Can you escape the price promotion trap?

by Nigel Hollis | June 29, 2016

I cannot help but believe that many companies fall into the price promotion trap – and have no doubt, it is a trap – inadvertently. If you are a packaged goods brand you generally have little choice but to play the promotion game, but the question then comes down to how much do you play; and, if things go too far, how do you pull back?

I was reflecting on this topic after being asked whether a client brand should invest in promotional advertising in a category where the majority of sales are already made on deal. My theoretical answer would be just don’t do it. Not only is the client likely not making much (if any) money on the promoted sales, now they are going to pay to advertise the fact that the brand is on promotion? That should guarantee they make a loss.

However, there is a huge gap between theory and practice. It is not just consumers that become used to buying brands on deal, but retailers do as well. You have to wonder what percentage of those people buying a brand on deal would have bought it anyway. For the majority of consumers in many categories simply making the brand as obvious as possible will likely have a bigger effect than a discount. Retailers on the other hand will notice and may penalize the brand as a result.


Back in 1991, Procter & Gamble tried to break the boom and bust cycle produced by price promotions by moving to an everyday low price strategy. That move was designed not just to impact consumers, but also retailers, seeking to reduce their over-stocking or promotional items and cutting the discounts used to persuade stores to stock up on product. Needless to say, retailers were not enthused and cut back purchases to sell off existing inventory, causing P&G to cut ad budgets to make good on the profit shortfall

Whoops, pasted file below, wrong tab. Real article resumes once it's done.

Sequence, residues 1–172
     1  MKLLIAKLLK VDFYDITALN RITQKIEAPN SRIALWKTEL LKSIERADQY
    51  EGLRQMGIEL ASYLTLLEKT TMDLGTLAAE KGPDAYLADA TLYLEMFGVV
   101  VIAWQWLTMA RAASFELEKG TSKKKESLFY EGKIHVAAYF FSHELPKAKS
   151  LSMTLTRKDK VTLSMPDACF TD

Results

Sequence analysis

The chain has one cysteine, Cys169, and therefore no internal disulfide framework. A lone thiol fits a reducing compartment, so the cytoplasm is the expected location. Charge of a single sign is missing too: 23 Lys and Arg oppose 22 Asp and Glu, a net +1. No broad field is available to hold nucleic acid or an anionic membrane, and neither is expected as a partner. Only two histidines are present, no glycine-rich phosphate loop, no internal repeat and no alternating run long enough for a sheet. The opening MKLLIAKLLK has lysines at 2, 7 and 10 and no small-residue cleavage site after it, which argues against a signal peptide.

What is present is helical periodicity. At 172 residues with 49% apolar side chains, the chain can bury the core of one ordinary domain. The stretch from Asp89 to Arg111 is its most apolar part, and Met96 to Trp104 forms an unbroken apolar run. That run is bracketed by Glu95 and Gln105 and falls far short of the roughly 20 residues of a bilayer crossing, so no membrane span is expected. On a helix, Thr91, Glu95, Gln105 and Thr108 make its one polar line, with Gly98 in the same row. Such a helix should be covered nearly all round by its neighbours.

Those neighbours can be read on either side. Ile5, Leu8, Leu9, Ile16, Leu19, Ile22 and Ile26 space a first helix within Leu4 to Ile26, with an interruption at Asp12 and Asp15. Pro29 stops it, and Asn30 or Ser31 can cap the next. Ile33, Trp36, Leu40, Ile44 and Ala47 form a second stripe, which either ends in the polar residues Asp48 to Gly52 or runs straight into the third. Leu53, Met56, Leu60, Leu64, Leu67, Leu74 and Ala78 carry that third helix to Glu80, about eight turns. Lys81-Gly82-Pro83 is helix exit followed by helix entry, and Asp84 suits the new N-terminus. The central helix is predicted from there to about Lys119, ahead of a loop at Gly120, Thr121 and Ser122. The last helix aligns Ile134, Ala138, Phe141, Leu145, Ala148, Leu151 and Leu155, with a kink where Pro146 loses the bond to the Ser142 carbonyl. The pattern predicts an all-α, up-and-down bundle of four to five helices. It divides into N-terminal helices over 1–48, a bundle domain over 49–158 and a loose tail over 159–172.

As I noted in this post about Abercrombie & Fitch, the big problem when trying to wean a brand off price promotion is that there will be a topline shortfall as the price sensitive shoppers look elsewhere for their bargains. Unless there is unanimous agreement that this is in the best long-term interests of the brand it is likely that the decision not to promote will be reversed.

So how to build that consensus? A good starting point would be to do some research to find out what proportion of people in the category are active discount/deal seekers, and what proportion actually have a real preference for a specific brand. A lot of the short-term sales volume derived from promotions will come from people who do not care about the brand; they just want to get a cheap price. Other people may not worry so much about the price, and usually buy the same brand but benefit every time it is on deal. Once you have that information you can start to analyze how much volume might be lost if the brand stopped promoting versus how much profit would be gained.

So what other brands can you think of that tried to wean themselves off promotions? Were they successful or not? Please share your thoughts.


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  1. Nigel, February 25, 2017
    Hi Haresh, could it be that in a crowded market Borges Leonardo Brothers just not seen as meaningful and different enough to justify its price point? Therefore it has to rely on behavioral economics to trigger a purchase, i.e. it's expensive but on sale so I am getting a deal?
  2. Haresh Udeshi, July 02, 2016
    Hi Nigel, The Olive Oil brand Borges Leonardo Others. The product is always highly priced and it necessarily has to have a deal or it just remains on the retail shelf. Thanks

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